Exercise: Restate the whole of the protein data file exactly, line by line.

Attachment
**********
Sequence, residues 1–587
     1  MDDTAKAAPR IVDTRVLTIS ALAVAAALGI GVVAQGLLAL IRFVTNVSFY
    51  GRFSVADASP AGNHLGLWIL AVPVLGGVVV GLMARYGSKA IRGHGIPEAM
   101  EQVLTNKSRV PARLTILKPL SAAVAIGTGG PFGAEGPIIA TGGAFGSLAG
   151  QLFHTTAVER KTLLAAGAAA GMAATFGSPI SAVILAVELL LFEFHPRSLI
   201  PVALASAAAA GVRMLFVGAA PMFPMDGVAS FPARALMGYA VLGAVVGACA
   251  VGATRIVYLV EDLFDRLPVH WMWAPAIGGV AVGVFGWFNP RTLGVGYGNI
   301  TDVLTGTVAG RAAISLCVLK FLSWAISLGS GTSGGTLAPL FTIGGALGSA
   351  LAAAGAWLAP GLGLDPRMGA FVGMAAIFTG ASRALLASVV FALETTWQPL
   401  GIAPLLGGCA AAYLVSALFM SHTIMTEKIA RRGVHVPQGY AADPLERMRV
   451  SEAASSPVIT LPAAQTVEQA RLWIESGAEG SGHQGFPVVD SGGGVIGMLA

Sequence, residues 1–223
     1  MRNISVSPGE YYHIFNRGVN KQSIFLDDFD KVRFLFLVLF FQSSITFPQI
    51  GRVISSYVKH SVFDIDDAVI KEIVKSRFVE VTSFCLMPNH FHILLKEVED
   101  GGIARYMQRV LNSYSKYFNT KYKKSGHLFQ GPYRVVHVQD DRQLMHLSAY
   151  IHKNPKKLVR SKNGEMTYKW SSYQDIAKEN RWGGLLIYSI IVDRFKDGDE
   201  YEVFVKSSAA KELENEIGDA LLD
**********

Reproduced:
Sequence, residues 1–587
     1  MDDTAKAAPR IVDTRVLTIS ALAVAAALGI GVVAQGLLAL IRFVTNVSFY
    51  GRFSVADASP AGNHLGLWIL AVPVLGGVVV GLMARYGSKA IRGHGIPEAM
   101  EQVLTNKSRV PARLTILKPL SAAVAIGTGG PFGAEGPIIA TGGAFGSLAG
   151  QLFHTTAVER KTLLAAGAAA GMAATFGSPI SAVILAVELL LFEFHPRSLI
   201  PVALASAAAA GVRMLFVGAA PMFPMDGVAS FPARALMGYA VLGAVVGACA
   251  VGATRIVYLV EDLFDRLPVH WMWAPAIGGV AVGVFGWFNP RTLGVGYGNI
   301  TDVLTGTVAG RAAISLCVLK FLSWAISLGS GTSGGTLAPL FTIGGALGSA
   351  LAAAGAWLAP GLGLDPRMGA FVGMAAIFTG ASRALLASVV FALETTWQPL
   401  GIAPLLGGCA AAYLVSALFM SHTIMTEKIA RRGVHVPQGY AADPLERMRV
   451  SEAASSPVIT LPAAQTVEQA RLWIESGAEG SGHQGFPVVD SGGGVIGMLA

Sequence, residues 1–223
     1  MRNISVSPGE YYHIFNRGVN KQSIFLDDFD KVRFLFLVLF FQSSITFPQI
    51  GRVISSYVKH SVFDIDDAVI KEIVKSRFVE VTSFCLMPNH FHILLKEVED
   101  GGIARYMQRV LNSYSKYFNT KYKKSGHLFQ GPYRVVHVQD DRQLMHLSAY
   151  IHKNPKKLVR SKNGEMTYKW SSYQDIAKEN RWGGLLIYSI IVDRFKDGDE
   201  YEVFVKSSAA KELENEIGDA LLD